Los Angeles: From no “there” to “too many there“
Until the 1970s Los Angeles’ population influx had mainly come from middle America. Establishment easterners snarked that the place was an intellectual desert. Should the occasional elite Bostonian, New Yorker or Philadelphian venture out there to see the sights, the usual complaint was “there’s no ‘there’ there.”
By 1970 the greater LA area had 9.9 million residents, triple the 1940 level; only six states, including California itself, had more people.
But the sunny Southern California image of a laid back playground for dreamers and escapists, while seductive, seemed a little too hedonistic and flaky to staid folk back east. Ski in the morning, surf in the afternoon. Rub elbows with movie stars. Buy a convertible and a pad at the beach or a brand new tract home with orange trees in the backyard. Maybe start a cult in your spare time.
All that began changing in the early ’70s as soaring Toyota, Datsun and Honda sales brought top New York advertising talent out to “the coast” and most TV entertainment migrated to Hollywood. Overnight, Los Angeles was discovered by hip tastemakers who proclaimed it was cool, super cool.
Within a couple more decades there was a whole lot of “there” there – and too many people as well. With a 1990 population approaching 15 million, LA had become the poster child for congestion and urban sprawl. Forget skiing in the morning and surfing in the afternoon – choose one and go really, really early to avoid traffic.
Farewell in 2015 to three Boomer icons who helped to mainstream LA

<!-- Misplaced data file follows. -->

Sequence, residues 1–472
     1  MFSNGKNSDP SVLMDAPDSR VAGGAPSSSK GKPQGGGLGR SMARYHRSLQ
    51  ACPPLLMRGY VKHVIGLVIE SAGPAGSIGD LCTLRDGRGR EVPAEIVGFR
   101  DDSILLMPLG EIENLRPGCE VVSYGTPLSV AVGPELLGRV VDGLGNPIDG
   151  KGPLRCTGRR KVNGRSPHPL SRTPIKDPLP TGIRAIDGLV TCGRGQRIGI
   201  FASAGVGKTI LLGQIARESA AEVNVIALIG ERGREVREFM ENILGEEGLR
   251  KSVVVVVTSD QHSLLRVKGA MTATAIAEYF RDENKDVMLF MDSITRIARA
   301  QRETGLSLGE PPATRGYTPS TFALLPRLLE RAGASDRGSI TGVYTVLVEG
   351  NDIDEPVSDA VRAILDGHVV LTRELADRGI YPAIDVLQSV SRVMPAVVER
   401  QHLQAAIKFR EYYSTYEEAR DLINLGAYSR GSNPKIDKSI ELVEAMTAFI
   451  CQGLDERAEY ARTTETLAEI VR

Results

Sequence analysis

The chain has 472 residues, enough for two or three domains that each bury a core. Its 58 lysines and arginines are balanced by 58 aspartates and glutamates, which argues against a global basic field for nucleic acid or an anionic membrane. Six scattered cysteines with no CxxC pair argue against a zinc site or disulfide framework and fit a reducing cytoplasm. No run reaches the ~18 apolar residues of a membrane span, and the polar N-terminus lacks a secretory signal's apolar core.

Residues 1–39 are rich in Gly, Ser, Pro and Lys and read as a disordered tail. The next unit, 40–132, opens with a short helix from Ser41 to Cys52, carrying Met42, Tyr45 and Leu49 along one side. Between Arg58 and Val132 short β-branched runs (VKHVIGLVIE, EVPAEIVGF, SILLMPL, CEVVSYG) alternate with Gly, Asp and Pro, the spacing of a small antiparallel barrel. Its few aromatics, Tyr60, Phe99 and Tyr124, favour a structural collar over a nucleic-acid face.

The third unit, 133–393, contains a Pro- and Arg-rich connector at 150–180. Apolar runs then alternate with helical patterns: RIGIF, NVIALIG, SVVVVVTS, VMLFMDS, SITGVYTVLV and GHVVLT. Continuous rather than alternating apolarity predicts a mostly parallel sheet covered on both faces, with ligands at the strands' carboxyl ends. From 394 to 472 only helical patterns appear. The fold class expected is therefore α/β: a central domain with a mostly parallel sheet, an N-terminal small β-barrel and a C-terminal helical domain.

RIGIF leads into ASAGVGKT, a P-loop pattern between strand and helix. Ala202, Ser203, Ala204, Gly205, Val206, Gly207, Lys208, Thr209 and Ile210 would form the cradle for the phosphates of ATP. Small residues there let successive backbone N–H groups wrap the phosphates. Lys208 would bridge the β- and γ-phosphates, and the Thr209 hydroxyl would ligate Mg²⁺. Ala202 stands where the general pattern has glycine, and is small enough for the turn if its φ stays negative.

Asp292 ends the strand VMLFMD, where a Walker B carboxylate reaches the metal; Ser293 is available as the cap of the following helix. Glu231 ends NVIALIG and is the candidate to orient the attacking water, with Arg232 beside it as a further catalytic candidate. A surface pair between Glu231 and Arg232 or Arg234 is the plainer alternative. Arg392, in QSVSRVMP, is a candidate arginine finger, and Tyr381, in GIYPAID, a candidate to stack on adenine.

Many popular TV shows of the 1950s, 1960s and 1970s were set in Los Angeles, inspiring millions to load the family car and head west, all California Dreamin’ of a better life.
Three TV icons who helped to mainstream LA and shape the dream for its Boomer children, passed away in 2015. We bade them a fond farewell.
Martin Milner: December 28, 1931 – September 6, 2015
Michigan transplant – blond, clean cut and surfer-dude handsome – Martin Milner showed America the way to Los Angeles. In a Corvette convertible, no less. Cowabunga!
Actually, few shows were set along US 66 – Milner’s adventures took him coast to coast and north to south. Still, this was the Mother Road from Chicago to the Santa Monica pier that so many heartlanders traveled on their own transformative journey west.
Within just a few years the newcomers had settled into an LA life that was more routine than daily glamor. What paradise needed now was law and order, and in his second hit, Adam-12 (1968-1975), Milner provided it.
For seven seasons Milner and McCord imbued their characters with fortitude, humor and empathy as they handled human-scale problems in the familiar old neighborhoods that LA Boomers remember from their youth.
Although not a huge star, Martin Milner put a decent, friendly face on everyday life in a city that had, finally, grown up into real place.
Donna Douglas: September 26, 1932 – January 1, 2015
One of the most successful TV comedy shows ever, The Beverly Hillbillies (1962-1971) humanized Los Angeles as somewhere plain folks could enjoy the good life.
The Premise: the good-hearted, naive Clampett clan, Jed, Granny, daughter Elly May and nephew Jethro strike oil – black gold, Texas tea – on their ramshackle property in hillbilly country, move out to Beverly Hills and buy a mansion.